My last article laid out the importance of "compounding" in the process of accumulating money toward financial goals. (Because of compounding our money grows, then that amount grows, then that amount grows, and so forth, thereby enabling our money to grow faster through time than we would normally envision.) Time is a gift to those seeking to accumulate wealth, and the law of investment return is this: With less time, a higher return is needed; with more time, a lower return is needed.
Let's turn to fundamental issues of risk and reward: How do we accumulate funds toward our various financial goals? The first step in the process is a careful and calculated determination of financial goals. For some, the short-term goal of a down payment for a house is most pressing. For many, saving for the day without income (commonly but mistakenly called "retirement") is the prominent financial concern. With rising tuition expenses, many families desire to help their children or grandchildren with future college costs, but do not know how they can.
Nearly all individuals and families have a combination of short-term (money needed within five years), intermediate-term (5-10 years), and long-term (10-plus years) financial goals. Enumerating these goals, and determining how much money can be given toward these various goals, is very important.
For example, one couple might have a short-term goal of retiring debt, an intermediate goal of saving for a son's college education, and a long-term goal of saving for "retirement." The couple may be able to dedicate, say, $500 per month to the first goal, $250 per month to the retirement goal, and $100 per month to the college goal. Once those dollar amounts are determined, the goal is to compound return through whatever time is left until the money is needed.
Generally speaking, shorter-term goals need to rely on more conservative vehicles to accomplish this savings objective. Investments like real estate and stocks that are often illiquid, or volatile in their prices, are usually inappropriate for short-term financial goals. Intermediate goals (5-10 years) may allow for some investment into assets that have price fluctuations, but there ought to be a moderate allocation to such areas at most. Longer-term goals likely call for a higher tolerance of volatility along the way.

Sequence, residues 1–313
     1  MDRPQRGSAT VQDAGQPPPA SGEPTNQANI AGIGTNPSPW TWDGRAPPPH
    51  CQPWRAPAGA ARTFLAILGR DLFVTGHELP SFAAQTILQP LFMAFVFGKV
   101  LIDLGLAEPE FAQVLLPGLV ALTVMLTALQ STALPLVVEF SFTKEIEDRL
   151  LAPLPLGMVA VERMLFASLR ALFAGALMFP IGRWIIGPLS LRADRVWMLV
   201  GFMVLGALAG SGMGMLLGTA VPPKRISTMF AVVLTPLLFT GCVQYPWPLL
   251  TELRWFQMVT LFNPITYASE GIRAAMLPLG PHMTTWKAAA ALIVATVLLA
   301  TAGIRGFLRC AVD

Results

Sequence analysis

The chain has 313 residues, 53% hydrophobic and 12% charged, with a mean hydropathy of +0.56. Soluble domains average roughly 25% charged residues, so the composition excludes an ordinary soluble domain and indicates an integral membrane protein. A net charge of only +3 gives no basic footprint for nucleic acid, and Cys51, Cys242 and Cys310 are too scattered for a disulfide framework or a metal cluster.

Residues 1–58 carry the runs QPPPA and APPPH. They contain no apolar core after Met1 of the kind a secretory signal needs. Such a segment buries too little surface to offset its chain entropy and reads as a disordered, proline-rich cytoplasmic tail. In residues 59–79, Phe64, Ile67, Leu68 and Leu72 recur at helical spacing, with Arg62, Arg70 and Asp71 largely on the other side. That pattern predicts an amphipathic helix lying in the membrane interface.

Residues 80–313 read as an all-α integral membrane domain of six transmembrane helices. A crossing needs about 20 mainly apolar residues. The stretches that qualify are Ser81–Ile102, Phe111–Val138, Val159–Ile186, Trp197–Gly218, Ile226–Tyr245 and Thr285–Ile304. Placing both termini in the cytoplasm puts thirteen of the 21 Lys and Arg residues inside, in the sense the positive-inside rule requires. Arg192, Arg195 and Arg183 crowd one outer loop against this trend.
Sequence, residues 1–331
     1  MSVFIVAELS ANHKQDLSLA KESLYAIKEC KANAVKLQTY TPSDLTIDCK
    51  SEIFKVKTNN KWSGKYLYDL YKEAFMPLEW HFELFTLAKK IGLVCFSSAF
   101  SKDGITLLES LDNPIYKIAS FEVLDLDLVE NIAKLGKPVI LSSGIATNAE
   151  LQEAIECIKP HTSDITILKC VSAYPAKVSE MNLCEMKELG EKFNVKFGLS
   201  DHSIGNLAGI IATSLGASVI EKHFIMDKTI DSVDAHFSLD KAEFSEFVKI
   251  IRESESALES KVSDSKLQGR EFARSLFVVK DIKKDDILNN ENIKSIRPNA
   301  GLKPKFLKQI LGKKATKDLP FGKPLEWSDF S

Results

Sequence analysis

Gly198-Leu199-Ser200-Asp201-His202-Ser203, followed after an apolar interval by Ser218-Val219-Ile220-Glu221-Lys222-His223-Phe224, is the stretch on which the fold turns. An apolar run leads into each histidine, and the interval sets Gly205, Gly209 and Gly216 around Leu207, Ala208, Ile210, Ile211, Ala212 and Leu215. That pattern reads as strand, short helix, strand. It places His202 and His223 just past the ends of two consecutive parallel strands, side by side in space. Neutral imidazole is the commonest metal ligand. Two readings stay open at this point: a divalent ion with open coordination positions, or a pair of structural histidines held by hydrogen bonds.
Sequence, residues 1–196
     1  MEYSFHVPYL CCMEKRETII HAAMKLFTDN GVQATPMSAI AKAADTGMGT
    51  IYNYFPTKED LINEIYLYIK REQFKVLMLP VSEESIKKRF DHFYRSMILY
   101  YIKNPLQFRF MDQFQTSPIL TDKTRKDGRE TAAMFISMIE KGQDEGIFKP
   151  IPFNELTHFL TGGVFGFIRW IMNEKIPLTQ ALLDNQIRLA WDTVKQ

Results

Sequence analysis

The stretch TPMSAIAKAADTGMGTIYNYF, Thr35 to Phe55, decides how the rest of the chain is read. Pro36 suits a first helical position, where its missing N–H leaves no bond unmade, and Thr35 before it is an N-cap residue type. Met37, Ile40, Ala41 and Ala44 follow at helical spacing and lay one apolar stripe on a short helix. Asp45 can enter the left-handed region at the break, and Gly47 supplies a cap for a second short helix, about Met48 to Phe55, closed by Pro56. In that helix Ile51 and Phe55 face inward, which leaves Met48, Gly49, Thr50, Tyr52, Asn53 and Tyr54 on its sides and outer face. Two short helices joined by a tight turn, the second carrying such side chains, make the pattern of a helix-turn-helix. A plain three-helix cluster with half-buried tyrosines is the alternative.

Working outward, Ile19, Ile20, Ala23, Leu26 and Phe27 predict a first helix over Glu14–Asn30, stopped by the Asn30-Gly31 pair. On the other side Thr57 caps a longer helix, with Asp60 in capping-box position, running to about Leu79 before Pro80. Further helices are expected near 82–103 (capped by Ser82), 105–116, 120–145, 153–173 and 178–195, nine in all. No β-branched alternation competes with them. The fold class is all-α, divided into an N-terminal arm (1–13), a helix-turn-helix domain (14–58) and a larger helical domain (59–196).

This process of determining how to invest funds, matched up against specific financial goals, is called asset allocation. It is an absolute prerequisite when beginning the process of accumulating moneys. Asset allocation is the process of determining a blend of investments (cash, bonds, stocks, real estate, gold, commodities, etc.) to meet specific risk and reward appetites.
Generally speaking, stocks and real estate play a larger role in long-term financial goals, and cash and bonds a larger role for shorter-term periods. Diversification is the process whereby we avoid putting all our eggs in one basket, and also "seek the safety of a multitude of counselors" (Proverbs 11:14). These may sound like complicated concepts, but they are time-tested approaches to generating a strategy of accumulation that is sensible to individual timelines and within parameters of risk and volatility.
Conclusion: Sit down to calculate your financial goals and the time you have until meeting them. From there, develop a customized asset allocation that is comfortable for you and suited to meeting your goals: "For which of you, desiring to build a tower, does not first sit down and count the cost, whether he has enough to complete it?" (Luke 14:28).